Outside the church, as always, there was a metal brazier full of fire. This year it was windy and the sparks were being pulled off and sent spinning and curling from it, so bright. The sky was rapidly darkening to night. At the fire the towering Easter candle was lit, and then we went into the gathering space in the church, and everyone's individual candle was lit, people passing the flame one to the next.
Then we went into the church itself, which was very dark. Only the very bright flame from the Easter candle up front, and all the pinpoints of light from the congregation's tiny candles. It was like looking at a night sky full of stars, or if dew on grass could glow with light and the rest of the morning be dark. Then the cantor sang the Exsultet. In the darkness with all those pinpricks of light, with that ancient plainsong, I'm always overcome.
You know in physics the idea that we can never reach the speed of light, but theoretically, we can approach near it? The Easter Vigil mass does this with eternity, opens up a moment of it. Your senses are overwhelmed, your mind filled with the smallest most precious things and the greatest, most incomprehensible ones, and in that state time isn't.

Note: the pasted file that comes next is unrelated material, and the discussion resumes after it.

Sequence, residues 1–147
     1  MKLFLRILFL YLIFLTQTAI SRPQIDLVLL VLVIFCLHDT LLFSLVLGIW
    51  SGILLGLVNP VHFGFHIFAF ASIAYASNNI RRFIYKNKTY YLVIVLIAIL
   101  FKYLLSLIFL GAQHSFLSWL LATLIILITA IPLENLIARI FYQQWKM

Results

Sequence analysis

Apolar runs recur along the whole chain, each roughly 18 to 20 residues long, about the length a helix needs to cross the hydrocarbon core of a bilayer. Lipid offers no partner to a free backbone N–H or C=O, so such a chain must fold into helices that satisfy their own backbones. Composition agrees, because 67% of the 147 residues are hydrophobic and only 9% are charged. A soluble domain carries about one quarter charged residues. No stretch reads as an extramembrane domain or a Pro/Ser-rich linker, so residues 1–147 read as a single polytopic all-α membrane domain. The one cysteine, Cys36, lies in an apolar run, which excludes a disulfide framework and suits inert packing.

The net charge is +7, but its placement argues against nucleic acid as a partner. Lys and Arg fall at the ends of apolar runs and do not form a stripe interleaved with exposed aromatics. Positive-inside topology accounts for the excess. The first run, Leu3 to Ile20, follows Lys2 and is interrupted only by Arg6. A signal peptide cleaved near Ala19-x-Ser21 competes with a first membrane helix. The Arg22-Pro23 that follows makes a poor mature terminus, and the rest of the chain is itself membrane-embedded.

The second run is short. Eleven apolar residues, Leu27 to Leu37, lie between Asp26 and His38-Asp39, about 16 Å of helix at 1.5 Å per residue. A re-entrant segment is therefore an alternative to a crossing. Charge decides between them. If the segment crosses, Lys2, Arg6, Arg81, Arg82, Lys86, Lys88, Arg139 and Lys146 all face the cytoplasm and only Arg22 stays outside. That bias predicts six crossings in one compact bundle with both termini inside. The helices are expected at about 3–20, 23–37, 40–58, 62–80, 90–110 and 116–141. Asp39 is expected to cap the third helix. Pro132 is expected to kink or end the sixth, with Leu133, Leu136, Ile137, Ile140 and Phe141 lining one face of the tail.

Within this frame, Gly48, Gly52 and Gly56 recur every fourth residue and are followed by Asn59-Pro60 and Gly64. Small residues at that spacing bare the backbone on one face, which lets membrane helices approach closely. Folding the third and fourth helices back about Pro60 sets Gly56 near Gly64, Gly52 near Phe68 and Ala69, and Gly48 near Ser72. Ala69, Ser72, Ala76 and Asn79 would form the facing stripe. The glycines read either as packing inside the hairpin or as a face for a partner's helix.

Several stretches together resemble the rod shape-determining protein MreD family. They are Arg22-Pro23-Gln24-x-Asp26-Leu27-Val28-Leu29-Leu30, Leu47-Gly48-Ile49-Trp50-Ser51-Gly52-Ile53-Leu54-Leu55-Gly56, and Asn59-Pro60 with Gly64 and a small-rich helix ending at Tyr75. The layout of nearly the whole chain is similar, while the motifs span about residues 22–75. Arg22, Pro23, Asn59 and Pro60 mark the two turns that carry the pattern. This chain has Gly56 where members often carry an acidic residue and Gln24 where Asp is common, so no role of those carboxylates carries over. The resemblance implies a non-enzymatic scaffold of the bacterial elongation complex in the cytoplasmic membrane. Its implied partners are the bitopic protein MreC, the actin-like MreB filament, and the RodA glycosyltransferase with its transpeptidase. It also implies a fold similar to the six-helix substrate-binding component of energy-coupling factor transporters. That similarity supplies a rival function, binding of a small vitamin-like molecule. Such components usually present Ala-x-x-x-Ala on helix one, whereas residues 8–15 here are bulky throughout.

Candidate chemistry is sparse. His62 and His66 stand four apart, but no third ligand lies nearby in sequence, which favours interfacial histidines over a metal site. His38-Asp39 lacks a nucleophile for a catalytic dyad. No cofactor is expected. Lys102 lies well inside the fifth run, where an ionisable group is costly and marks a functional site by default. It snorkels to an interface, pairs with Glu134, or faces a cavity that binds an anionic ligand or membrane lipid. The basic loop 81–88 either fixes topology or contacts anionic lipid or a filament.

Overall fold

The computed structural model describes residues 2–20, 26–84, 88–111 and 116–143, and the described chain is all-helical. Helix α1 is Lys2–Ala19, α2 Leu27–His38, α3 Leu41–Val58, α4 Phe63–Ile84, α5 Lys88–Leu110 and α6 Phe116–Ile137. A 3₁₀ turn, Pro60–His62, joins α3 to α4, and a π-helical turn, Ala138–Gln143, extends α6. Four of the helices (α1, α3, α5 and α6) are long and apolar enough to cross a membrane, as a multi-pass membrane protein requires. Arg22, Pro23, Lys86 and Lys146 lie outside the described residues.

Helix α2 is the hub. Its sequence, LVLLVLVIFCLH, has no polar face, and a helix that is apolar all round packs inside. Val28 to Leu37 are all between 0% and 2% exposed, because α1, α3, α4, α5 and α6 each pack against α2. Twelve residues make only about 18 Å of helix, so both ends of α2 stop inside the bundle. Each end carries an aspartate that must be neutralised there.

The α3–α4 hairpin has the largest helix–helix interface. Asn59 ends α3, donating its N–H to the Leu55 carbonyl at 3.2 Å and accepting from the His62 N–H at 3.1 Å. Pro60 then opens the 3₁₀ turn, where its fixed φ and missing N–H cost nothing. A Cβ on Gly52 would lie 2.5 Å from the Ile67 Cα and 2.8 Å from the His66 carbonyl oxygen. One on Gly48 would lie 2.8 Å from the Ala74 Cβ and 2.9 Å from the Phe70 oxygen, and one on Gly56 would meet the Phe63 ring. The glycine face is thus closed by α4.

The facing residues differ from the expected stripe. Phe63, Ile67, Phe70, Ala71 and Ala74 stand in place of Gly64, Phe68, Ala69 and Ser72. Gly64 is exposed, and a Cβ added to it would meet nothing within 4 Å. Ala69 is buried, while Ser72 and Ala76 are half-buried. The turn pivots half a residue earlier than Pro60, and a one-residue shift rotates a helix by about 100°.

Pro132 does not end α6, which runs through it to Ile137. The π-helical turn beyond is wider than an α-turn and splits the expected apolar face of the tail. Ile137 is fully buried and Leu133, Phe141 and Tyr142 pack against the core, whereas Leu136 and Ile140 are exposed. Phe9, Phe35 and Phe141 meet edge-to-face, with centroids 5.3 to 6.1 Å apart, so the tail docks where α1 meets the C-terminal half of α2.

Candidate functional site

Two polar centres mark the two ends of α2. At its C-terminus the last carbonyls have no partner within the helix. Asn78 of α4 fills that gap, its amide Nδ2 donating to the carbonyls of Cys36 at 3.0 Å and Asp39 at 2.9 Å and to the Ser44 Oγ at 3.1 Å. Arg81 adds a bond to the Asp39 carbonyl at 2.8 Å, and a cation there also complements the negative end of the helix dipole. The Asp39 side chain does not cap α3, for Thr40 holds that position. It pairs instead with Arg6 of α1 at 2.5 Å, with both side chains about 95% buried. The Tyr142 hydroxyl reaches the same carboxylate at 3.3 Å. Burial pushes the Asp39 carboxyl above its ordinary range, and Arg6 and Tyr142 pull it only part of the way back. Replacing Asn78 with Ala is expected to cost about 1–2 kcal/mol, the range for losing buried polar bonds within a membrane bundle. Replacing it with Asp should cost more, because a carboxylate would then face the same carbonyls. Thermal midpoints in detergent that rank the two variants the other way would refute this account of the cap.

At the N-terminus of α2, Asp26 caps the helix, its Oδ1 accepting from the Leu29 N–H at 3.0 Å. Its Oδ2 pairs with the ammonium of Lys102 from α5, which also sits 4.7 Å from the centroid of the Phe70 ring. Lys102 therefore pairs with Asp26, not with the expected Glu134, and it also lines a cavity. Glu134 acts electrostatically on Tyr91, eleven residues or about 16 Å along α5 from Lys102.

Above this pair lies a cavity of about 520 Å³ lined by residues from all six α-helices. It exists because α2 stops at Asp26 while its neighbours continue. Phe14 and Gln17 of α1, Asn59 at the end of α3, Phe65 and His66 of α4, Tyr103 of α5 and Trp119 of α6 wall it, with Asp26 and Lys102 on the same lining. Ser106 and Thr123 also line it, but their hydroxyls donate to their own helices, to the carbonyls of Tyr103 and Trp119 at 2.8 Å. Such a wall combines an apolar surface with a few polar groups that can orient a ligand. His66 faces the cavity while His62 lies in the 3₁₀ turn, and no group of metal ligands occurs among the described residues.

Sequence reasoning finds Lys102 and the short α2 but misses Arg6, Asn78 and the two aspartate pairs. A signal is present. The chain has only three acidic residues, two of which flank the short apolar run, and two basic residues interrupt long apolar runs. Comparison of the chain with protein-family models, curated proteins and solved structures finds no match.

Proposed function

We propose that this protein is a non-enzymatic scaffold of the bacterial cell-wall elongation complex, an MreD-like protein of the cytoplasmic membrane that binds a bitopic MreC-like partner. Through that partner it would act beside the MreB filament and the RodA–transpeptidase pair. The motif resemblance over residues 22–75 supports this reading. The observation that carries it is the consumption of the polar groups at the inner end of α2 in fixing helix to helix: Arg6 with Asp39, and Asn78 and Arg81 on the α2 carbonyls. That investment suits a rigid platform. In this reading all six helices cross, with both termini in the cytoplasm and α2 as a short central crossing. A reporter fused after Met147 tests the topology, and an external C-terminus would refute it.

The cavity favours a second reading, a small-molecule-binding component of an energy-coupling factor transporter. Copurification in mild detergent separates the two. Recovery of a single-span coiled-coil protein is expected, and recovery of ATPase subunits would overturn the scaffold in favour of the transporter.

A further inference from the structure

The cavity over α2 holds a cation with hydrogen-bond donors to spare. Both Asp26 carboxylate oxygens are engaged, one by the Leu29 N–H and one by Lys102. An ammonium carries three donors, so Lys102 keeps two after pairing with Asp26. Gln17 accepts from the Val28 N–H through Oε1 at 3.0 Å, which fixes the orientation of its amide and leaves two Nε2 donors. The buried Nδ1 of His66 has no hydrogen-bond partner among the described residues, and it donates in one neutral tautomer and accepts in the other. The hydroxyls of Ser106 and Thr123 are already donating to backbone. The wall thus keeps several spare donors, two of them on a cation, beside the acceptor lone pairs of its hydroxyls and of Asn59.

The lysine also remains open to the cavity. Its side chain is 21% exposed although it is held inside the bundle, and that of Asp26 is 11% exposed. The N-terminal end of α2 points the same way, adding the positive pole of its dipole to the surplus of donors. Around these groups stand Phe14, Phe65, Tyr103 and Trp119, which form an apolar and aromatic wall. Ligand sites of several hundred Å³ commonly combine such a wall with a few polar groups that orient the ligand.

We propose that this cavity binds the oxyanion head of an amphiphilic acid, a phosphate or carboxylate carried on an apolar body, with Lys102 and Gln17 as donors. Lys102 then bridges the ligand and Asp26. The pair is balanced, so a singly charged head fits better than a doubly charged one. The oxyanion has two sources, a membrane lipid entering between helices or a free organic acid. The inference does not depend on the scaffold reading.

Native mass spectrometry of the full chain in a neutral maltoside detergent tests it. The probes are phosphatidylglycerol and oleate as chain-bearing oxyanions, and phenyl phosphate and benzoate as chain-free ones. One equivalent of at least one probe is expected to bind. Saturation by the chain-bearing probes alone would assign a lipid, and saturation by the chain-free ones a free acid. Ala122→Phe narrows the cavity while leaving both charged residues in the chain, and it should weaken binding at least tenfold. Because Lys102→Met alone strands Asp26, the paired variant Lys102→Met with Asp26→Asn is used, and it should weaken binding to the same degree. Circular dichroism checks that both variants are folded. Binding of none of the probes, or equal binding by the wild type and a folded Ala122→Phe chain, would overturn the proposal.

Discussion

Tears always spring to my eyes when they mention the bees:
This is the night
of which it is written:
The night shall be as bright as day,
dazzling is the night for me,
and full of gladness.
The sanctifying power of this night
dispels wickedness, washes faults away,
restores innocence to the fallen, and joy to mourners,
drives out hatred, fosters concord, and brings down the mighty.
On this, your night of grace, O holy Father,
accept this candle, a solemn offering,
the work of bees and of your servants’ hands,
an evening sacrifice of praise,
this gift from your most holy Church.
But now we know the praises of this pillar,
which glowing fire ignites for God's honor,
a fire into many flames divided,
yet never dimmed by sharing of its light,
for it is fed by melting wax,
drawn out by mother bees
to build a torch so precious.
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